Pioneering Professorship: Wheaton College Appoints Inaugural Chair in Social Entrepreneurship

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Imran G. Chowdhury, whose scholarship examines issues at the intersection of business and society, has been appointed to serve as the inaugural Diana Davis Spencer Professor of Social Entrepreneurship at Wheaton College in Norton, Mass. The appointment makes the institution one of the few liberal arts colleges nationwide, and the first in the Northeast, to appoint an endowed professor in social entrepreneurship.

Imran G. Chowdhury, the inaugural Diana Davis Spencer Professor of Social Entrepreneurship at Wheaton College, Norton, Mass. (Photo: Pete Byron/Wheaton College)

Wheaton is one of the few liberal arts colleges nationwide, and the first in the Northeast, to appoint a professor for an endowed chair in social entrepreneurship.

A distinguished researcher and teacher whose scholarship examines issues at the intersection of business and society has been appointed to serve as the inaugural Diana Davis Spencer Professor of Social Entrepreneurship at Wheaton College in Norton, Mass.

Imran G. Chowdhury, who is currently an associate professor of management in the Lubin School of Business at Pace University in New York, NY, will join Wheaton’s faculty at the start of the 2019-20 academic year with the charge of integrating the college’s burgeoning social entrepreneurship programs with its liberal arts and sciences curriculum. [EDITORS: High-resolution photo available online.

The appointment is made possible by an endowment established through the support of the Diana Davis Spencer Foundation, the namesake of Wheaton College Trustee Emerita Diana Davis Spencer who is also a 1960 graduate of the institution.

Wheaton is one of the few liberal arts colleges nationwide, and the first in the Northeast, to appoint a professor for an endowed chair in social entrepreneurship.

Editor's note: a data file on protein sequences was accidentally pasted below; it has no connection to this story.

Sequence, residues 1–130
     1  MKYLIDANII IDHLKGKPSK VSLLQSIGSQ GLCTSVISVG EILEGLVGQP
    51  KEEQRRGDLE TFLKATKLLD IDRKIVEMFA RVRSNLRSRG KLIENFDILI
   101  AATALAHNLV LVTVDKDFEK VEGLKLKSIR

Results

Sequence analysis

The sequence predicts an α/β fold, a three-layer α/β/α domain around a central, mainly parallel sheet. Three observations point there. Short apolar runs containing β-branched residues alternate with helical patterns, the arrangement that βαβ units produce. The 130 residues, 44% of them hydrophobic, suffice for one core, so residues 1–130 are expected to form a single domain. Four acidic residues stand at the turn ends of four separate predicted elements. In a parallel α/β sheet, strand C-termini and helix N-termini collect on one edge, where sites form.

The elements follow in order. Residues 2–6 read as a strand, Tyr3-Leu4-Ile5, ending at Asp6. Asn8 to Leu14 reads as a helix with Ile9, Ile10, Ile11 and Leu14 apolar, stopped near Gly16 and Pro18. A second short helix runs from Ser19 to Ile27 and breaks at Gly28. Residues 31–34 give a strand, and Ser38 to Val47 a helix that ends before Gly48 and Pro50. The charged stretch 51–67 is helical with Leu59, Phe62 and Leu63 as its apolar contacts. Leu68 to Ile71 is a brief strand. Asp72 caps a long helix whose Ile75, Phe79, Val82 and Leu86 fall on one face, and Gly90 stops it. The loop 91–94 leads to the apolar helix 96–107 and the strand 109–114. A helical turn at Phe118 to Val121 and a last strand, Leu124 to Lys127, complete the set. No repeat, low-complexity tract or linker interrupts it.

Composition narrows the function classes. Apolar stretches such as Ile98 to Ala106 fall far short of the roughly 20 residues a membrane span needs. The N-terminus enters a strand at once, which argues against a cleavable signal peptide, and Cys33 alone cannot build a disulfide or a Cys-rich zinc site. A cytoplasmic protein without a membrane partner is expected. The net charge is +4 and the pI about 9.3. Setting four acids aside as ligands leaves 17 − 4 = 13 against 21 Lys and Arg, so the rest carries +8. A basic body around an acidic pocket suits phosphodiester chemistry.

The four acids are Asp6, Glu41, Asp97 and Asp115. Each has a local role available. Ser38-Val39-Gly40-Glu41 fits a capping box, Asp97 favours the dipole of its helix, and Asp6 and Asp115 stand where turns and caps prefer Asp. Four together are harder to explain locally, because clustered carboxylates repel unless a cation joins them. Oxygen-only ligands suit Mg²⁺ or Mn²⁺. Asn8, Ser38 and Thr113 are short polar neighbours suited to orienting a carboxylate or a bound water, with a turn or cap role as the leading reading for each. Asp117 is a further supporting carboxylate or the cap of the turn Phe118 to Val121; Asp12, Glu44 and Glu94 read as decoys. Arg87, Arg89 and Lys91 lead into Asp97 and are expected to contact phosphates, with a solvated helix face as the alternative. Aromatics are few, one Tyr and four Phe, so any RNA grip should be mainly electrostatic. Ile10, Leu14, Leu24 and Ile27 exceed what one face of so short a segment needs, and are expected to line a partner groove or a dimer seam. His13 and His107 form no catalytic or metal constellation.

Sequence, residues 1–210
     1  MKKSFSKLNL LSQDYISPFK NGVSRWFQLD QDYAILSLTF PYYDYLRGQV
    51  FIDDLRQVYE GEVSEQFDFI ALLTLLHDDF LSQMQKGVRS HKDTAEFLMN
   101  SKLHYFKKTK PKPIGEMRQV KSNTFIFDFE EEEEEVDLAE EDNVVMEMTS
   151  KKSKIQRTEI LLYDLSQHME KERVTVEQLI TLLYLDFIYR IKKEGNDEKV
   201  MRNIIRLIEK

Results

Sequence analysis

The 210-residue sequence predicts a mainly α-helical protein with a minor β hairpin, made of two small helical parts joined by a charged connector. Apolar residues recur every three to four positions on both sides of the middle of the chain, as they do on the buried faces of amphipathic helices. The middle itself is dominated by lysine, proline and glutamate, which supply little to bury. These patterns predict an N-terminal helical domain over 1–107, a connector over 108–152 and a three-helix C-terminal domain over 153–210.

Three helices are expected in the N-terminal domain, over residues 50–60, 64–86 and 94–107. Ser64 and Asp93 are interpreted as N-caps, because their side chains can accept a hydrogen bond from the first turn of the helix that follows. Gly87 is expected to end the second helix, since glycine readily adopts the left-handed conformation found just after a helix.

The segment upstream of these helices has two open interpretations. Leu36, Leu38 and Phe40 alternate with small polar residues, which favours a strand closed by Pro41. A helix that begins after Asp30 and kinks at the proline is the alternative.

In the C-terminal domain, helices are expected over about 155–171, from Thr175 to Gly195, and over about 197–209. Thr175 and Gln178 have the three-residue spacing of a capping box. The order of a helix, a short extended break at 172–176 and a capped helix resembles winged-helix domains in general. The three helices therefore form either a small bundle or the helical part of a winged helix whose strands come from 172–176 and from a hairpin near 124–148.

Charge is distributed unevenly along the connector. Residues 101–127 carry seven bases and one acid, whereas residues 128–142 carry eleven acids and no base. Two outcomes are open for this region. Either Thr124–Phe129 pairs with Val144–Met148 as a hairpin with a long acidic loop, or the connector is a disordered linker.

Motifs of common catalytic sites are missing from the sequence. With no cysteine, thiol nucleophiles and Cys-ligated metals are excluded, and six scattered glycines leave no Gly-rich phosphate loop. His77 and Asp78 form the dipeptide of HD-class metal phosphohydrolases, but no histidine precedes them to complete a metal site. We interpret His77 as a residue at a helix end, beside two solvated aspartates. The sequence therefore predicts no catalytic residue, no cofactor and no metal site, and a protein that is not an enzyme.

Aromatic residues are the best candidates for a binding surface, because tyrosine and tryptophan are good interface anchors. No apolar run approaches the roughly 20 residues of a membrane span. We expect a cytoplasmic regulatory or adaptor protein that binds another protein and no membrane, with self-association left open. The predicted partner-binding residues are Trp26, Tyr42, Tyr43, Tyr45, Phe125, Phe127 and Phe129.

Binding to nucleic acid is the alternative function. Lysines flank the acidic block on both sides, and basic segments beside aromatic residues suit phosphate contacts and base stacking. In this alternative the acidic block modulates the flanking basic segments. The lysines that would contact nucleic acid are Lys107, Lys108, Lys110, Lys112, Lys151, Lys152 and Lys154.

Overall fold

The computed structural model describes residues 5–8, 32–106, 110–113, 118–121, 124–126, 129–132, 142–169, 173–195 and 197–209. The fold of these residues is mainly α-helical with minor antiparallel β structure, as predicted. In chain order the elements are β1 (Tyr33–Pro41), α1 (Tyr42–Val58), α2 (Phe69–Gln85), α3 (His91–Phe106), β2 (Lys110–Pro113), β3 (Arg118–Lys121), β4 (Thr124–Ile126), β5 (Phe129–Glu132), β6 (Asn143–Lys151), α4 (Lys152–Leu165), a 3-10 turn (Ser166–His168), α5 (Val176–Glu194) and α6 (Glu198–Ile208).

“We are thrilled that Professor Chowdhury will be leading our efforts to expand and strengthen Wheaton’s emphasis on addressing critical social issues through our programs in social entrepreneurship,” said Wheaton President Dennis M. Hanno. “His experiences in the social enterprise sector, and as a scholar, dedicated teacher and mentor to undergraduates, make him the perfect person to push forward Wheaton’s leadership in this area.”

Wheaton’s commitment to social entrepreneurship education and social innovation within the liberal arts is embedded in the institution’s 2016 strategic plan, Wheaton Means Impact: Growing Our Influence on the World. The effort builds upon the college’s historic emphasis on experiential learning as a means for helping students to connect liberal arts study to the needs and concerns of the wider world.

“This is a dream job—integrating social entrepreneurship into the study of the liberal arts and sciences,” Chowdhury said. “I am extremely excited to have the opportunity to work with Wheaton’s committed scholar-teachers. They share my commitment to the idea of a personalized education, wherein faculty work with students as collaborators, helping provide each of them opportunities to explore their own unique interests, and offering guidance and support as needed.”

Diana Davis Spencer ’60, whose foundation supported this endeavor, said, ”I’m thrilled that Wheaton is a leader in social enterprise and has been recognized as one of America’s most innovative colleges. Wheaton students are becoming more engaged leaders as they launch impactful enterprises that make the world a better place. Dr. Chowdhury will accelerate this strategic focus. As President Lincoln said, ‘The best way to predict the future is to create it.’ Wheaton students are doing just that!”

At Wheaton, Chowdhury will develop course offerings on topics in social entrepreneurship, strategic management and international management that complement the college’s growing array of programs—from partnerships with external organizations to a semester-long bootcamp for social entrepreneurs and dedicated center for social entrepreneurship— that help students build their skills and refine ideas for social innovation ventures. He also will collaborate with faculty members in other departments to forge interdisciplinary connections that foster innovation among interested students in every discipline of the liberal arts and sciences.